Part-time SAS soldier was shot accidentally
Wednesday 07 October 1992
The Army, which reported initially that Lance Corporal Mark Richards, 29, had shot himself, will now hold a Board of Inquiry.
L/Cpl Richards's father, David, said after yesterday's resumed inquest at Hereford: 'He was an excellent son, my only son. I am pleased that it has been publicly announced that his death was not the result of his own conduct or by his own weapon. That was a relief.'
The inquest was presented with evidence which showed that it was 'virtually impossible' for the bullets to have been fired from L/Cpl Richards's gun. He suffered at least two gunshot wounds - to the head and shoulder. The bullet in the shoulder was at an angle that ruled out his own gun being involved. There were also no burn marks, which would have been present with a weapon fired from a distance of less than two feet.
The other four members of the SAS patrol, and two instructors, giving evidence from behind screens to protect their identity, said the 'target contact' exercise had been practised before.
The Territorial Army SAS unit, 21 Squadron, to which L/Cpl Richards, a Gulf war veteran, belonged, is seconded to the full-time 22 Squadron SAS.
Troops were in Belize for a two-week jungle-fighting training exercise. Those involved, including L/Cpl Richards, had been given lectures and drills with blank ammunition before the live firing.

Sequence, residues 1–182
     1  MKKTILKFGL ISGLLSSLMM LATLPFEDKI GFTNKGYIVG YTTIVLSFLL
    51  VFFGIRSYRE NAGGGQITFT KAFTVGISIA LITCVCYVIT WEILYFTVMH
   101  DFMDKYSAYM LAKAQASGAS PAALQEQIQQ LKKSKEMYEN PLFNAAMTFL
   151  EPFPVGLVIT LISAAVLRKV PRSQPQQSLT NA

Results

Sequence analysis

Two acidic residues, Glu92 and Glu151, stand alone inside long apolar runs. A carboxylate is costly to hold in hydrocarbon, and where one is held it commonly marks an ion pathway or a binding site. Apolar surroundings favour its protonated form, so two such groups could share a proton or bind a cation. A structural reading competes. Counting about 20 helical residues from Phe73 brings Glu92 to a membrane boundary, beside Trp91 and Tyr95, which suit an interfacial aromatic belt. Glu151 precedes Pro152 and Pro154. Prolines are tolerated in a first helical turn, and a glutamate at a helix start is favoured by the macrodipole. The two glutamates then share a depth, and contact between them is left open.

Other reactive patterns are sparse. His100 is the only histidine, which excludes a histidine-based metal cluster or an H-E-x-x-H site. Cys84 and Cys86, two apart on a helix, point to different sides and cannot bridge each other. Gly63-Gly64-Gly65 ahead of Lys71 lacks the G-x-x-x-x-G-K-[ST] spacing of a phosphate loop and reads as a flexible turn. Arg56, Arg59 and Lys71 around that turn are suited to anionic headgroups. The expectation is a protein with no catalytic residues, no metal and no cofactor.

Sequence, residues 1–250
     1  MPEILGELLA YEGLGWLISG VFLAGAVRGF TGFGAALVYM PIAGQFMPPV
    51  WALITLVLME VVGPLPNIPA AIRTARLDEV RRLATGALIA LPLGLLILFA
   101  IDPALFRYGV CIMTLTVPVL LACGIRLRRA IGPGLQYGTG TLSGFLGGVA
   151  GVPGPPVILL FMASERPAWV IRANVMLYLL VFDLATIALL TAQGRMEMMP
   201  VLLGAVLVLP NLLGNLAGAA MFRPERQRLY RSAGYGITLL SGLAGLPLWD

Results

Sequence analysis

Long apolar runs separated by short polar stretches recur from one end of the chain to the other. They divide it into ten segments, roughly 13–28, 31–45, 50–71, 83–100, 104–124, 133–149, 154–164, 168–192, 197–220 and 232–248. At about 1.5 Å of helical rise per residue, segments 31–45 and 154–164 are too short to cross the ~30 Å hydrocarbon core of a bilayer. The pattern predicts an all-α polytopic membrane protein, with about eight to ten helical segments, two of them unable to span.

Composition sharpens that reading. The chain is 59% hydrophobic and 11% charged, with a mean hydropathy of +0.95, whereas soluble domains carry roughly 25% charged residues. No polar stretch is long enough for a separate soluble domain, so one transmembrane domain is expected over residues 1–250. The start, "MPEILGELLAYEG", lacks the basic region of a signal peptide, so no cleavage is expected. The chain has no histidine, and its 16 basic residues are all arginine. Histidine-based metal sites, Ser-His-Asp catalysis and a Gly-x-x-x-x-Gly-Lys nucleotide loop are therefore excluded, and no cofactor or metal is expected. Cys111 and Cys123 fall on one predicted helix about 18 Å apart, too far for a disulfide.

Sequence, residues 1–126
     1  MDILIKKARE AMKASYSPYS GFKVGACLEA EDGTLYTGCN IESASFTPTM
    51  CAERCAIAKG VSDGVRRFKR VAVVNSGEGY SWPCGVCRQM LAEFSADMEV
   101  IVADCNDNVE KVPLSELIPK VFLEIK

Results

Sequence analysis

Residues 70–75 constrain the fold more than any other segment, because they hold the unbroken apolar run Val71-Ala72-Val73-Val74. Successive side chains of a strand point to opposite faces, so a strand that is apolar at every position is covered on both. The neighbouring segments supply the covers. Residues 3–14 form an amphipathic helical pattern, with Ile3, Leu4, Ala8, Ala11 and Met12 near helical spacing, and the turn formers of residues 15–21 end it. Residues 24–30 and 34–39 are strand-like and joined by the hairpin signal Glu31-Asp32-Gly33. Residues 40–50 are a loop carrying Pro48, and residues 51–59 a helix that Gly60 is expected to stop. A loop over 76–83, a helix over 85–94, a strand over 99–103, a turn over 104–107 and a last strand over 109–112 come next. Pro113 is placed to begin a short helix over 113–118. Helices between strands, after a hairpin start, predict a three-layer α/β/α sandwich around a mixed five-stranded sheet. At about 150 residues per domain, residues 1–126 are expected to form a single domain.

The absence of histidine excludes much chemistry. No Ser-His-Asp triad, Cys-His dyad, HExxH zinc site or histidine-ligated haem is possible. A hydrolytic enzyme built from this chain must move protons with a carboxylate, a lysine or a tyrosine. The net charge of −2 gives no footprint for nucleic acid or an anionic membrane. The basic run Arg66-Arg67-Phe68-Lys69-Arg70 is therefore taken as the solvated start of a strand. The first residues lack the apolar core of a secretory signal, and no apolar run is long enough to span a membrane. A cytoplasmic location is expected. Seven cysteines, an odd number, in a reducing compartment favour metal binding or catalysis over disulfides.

An SAS trooper with one month's service told the inquest that he was firing towards a target when his gun developed a stoppage for a second time. 'I flicked it from single fire to automatic and the weapon fired on its own without putting pressure on the trigger. It was probably a burst of more than ten rounds. I was in total control of the weapon at all times.'
David Campion, solicitor for the Richards family, asked the trooper, identified as witness G: 'Did some of the rounds from your weapon cause this incident?'
Before he could answer, Ian Burnett, counsel for the Ministry of Defence, said: 'Speculation on the part of any of these witnesses isn't going to help. There should be caution before proceeding along that line of questioning in view of the witness's general right not to answer any question that might incriminate him.' Trooper G declined to answer.
L/Cpl Richards joined the Territorial SAS five years ago after giving up a promising career as an amateur National Hunt jockey. He operated behind enemy lines during the conflict in the Gulf. With his father, he farmed 300 acres near Abergavenny, Gwent.
An SAS major said that the type of exercise being conducted had been standard in the regiment since it was re-formed in 1948. It was also used extensively in other army units. Live ammunition was used, among other reasons, because it 'increased realism'.
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